|Date of birth:||1897|
|Place of birth:||Southampton|
|Regiment:||Royal Fusiliers / London Regiment|
|Died:||24th April 1917 aged 20 years|
Before the War
John was the second of 10 children born to John (1875 – 21/03/1937) and Alice (nee Allen 1876 – 17/04/1943). His parents were married in Southampton in 1895. John senior passed away following a stroke, aged 64 years. Alice was living at 9 Orchard Lane when she died, aged 67 years, as a result of falling down the stairs during a WW2 alert.
John’s siblings were:
Norah (27/05/1896 – 1985). Married Charles Albert Wyeth (1894 – 1970), in Southampton in 1916.
Martin (01/06/1899 – 06/06/1916). Martin served in the 1st 4th (T.F.) Battalion of the Hampshire Regiment in WW1. He was killed in action in Mesopotamia on 6th June 1916, aged 17 years. Please select Martin’s name to read his story.
Charles Frederick (1904). Married Louisa Philippa Thorne (1/06/1905 – 1994) in Southampton in 1928.
Patrick Edward ( 15th December 1906 – 15/06/1948). Married Francis May Blake in Southampton on 16th July 1929.
Alice Ellen (08/06/1908 – 1992). Married Walter M Coppin (1905 – 1943) in Southampton in 1928. Alice remarried in Southampton in 1943 to John Kilty.
George Peter (1910 – 1933).
Ellen B (1914). Married Skelton Greenwood (11/08/1903) in Southampton in 1936. The 1939 to 1940 Southampton Street Directory shows that they were living at 44 Millbrook Road, Southampton. There are electoral records that show that from 1948 to 1962 they were living in Shipley, West Yorkshire. Their son Terence was born in Southampton in 1938.
Daniel Michael (1916-1928).
Douglas Albert (16/05/1918 – 1979). Married Ivy Lawler (nee Roberts) in Southampton in 1951.
The 1901 census shows that John lived at 6 Regents Court, Southampton with his parents, sister Norah and brother Martin. John’s father was a dock labourer. Also at the address was a boarder, William Sawyer, who was employed as a bricklayers labourer. The Southampton Street directory for 1907 shows that the family were still living at the Regents Court address.
By the time the 1911 census was taken the family had moved to 2 Horsemans Buildings, Southampton. John’s father was in the same employment and Norah was a laundry maid.
John served in the 13th Battalion of the Royal Fusiliers, London Regiment. The Royal Fusiliers raised no fewer than 47 battalions and the 13th (Service) Battalions was raised as part of K3, Kitchener’s recruitment drive, in Hounslow on 13th September 1914. The battalion came under the command of 111th Brigade in 37th Division in March 1915 and in July of this year they arrived at Boulogne.
John was killed in action on 24th April 1917 during the Battle of Arras, which began on 9th April 1917 and ended on 16th May.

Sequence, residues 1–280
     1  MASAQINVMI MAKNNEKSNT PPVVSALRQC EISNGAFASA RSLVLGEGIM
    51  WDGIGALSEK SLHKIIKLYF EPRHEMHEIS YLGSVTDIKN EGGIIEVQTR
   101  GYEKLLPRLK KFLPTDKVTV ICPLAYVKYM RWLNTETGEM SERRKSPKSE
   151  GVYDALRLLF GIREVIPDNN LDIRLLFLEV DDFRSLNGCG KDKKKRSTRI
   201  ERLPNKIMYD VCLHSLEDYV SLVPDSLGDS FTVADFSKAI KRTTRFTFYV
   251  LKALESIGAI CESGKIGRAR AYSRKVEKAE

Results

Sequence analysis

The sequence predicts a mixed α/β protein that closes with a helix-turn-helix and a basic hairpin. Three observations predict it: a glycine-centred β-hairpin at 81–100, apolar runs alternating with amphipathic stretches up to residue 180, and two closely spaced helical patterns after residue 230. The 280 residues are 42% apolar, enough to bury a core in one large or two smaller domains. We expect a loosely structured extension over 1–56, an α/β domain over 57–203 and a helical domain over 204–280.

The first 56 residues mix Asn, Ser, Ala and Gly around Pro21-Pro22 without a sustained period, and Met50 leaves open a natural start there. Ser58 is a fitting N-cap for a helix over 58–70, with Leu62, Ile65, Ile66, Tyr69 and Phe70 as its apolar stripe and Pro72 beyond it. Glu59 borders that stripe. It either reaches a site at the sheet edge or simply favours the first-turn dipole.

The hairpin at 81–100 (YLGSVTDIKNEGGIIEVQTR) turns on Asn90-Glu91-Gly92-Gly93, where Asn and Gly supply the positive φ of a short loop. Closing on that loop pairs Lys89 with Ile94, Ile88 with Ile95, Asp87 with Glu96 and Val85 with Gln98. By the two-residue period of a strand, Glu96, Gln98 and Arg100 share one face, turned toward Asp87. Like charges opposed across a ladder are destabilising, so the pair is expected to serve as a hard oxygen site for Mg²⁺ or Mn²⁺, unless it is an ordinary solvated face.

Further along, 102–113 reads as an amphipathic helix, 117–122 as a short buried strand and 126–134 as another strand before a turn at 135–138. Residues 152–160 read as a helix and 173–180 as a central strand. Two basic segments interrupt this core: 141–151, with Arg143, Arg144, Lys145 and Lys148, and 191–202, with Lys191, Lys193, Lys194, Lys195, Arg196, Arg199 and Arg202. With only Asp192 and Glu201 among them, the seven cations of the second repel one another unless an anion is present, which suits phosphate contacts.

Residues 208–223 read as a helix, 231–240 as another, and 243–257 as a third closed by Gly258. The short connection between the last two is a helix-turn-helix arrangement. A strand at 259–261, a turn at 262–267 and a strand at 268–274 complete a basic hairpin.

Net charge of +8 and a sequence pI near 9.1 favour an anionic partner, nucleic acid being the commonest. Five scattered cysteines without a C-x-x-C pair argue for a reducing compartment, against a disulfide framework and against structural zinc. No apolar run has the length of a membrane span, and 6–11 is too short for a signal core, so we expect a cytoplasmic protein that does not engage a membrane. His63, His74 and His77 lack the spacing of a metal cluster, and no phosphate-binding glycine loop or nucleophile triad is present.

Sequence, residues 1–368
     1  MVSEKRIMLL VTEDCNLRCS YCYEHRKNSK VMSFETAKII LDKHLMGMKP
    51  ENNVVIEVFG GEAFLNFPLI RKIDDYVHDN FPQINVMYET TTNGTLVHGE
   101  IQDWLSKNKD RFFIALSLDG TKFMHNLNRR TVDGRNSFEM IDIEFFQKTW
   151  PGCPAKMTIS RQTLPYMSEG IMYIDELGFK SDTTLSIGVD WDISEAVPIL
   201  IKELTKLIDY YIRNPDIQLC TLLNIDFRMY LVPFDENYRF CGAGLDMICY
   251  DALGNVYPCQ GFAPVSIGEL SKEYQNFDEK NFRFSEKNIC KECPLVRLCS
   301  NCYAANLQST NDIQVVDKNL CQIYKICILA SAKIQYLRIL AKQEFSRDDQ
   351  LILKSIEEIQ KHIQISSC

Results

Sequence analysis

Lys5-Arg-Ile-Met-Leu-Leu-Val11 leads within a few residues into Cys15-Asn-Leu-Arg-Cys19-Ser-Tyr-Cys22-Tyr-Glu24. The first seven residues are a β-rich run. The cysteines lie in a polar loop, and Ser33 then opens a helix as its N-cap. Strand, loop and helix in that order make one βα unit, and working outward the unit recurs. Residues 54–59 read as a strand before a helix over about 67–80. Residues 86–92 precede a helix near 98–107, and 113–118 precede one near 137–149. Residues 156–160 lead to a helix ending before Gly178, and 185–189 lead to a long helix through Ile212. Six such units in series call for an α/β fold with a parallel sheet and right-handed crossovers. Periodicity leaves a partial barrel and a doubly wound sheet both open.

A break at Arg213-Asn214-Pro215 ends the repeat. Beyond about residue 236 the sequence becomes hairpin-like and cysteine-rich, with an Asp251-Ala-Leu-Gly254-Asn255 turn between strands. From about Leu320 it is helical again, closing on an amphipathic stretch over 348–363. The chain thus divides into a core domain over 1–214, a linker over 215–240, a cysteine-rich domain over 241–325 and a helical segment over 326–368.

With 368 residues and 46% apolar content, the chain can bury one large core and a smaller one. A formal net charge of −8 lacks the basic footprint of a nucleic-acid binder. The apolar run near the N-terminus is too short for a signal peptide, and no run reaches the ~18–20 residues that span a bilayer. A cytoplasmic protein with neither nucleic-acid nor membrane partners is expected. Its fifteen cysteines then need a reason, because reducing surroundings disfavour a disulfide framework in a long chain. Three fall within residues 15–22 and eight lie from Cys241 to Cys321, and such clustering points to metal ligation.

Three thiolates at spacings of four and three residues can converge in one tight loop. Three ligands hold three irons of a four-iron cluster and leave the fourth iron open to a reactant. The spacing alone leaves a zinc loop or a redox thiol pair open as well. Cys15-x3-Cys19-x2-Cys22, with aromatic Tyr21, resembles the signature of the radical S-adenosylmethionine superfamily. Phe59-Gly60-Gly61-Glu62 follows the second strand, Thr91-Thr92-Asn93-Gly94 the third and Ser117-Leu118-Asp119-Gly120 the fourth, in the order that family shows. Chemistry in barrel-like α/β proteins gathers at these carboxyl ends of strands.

With a combination of The British Army and Commonwealth Forces, the battle began in a snow storm. It was hoped that the much awaited breakthrough might be made here, and the Cavalry were kept on hand and used on one occasion. The key purpose of the offensive was to tie down the German army with a joint effort with the French, who were simultaneously attacking on the Chemin des Dames. The latter offensive was complete and costly failure – resulting in mutinies among French divisions. The battle slogged on until mid-May 1917 and it became the greatest killing battle of the War, with a daily casualty rate even higher than the Somme. In 39 days of fighting casualties’ were 159,000 a daily rate of 4,076.and seemed to epitomise the futility of trench warfare. Soldiers killed between 1916 -1917 became known as “the lost generation”.
An extract from the War Diary of the 13th Battalion, for 20th to 25th April 1917 read:
20th – Marched from Agnez Le Doisans to railway cutting. Received details of attack which will take place on 23. 4. 17. Weather warm and fine.
21st – Remained in railway cutting.
22nd – Still in railway cutting – a draft of 90 men arrived.
The Battalion reached the assembly position for the attack on the night of 22nd April. The attack was launched at dawn, our companies being right up to the enemy wire in front of the black line when our barrage came down. The enemy barrage was put down immediately afterwards & continue with some severity for two hours.
During the night of 23/24th April there was very heavy artillery activity on both sides from 9pm to 9.30pm, but no counter attack developed. The next four days, April 24,25,26 & 27th, was spent in consolidating the position. During this period no counter attack developed on our front, though there was severe fighting North and South of our position’
John had been sent out on a night patrol, but he never returned and his body was never found.
The entry in the National Roll of the Great War reads:
‘He joined in November 1916, and was soon sent to the Western Front. He took a prominent part in the fighting and was killed in action on April 24th, 1917. He was entitled to the General Service and Victory Medals.
2, Colston’s Court, Southampton’
John is remembered with honour on the Arras Memorial. Panel reference: Bay 3. The memorial is in the Faubourg-d’Amiens Cemetery and commemorates servicemen from the United Kingdom, New Zealand and South Africa who died in the Arras sector between 1916 and 7th August 1918, and have no known graves.
It is a fortunate coincidence that the cemetery and memorial which commemorates John and his comrades was designed by Sir Edwin Lutyens who also designed the Cenotaph in the city of John’s birth which also bears John’s name.
With very grateful thanks to Pat Jardine, a fellow researcher and Great Neice of John, for her invaluable information.
|Published:||25th October 2015|
|Updated:||Insert dates here|
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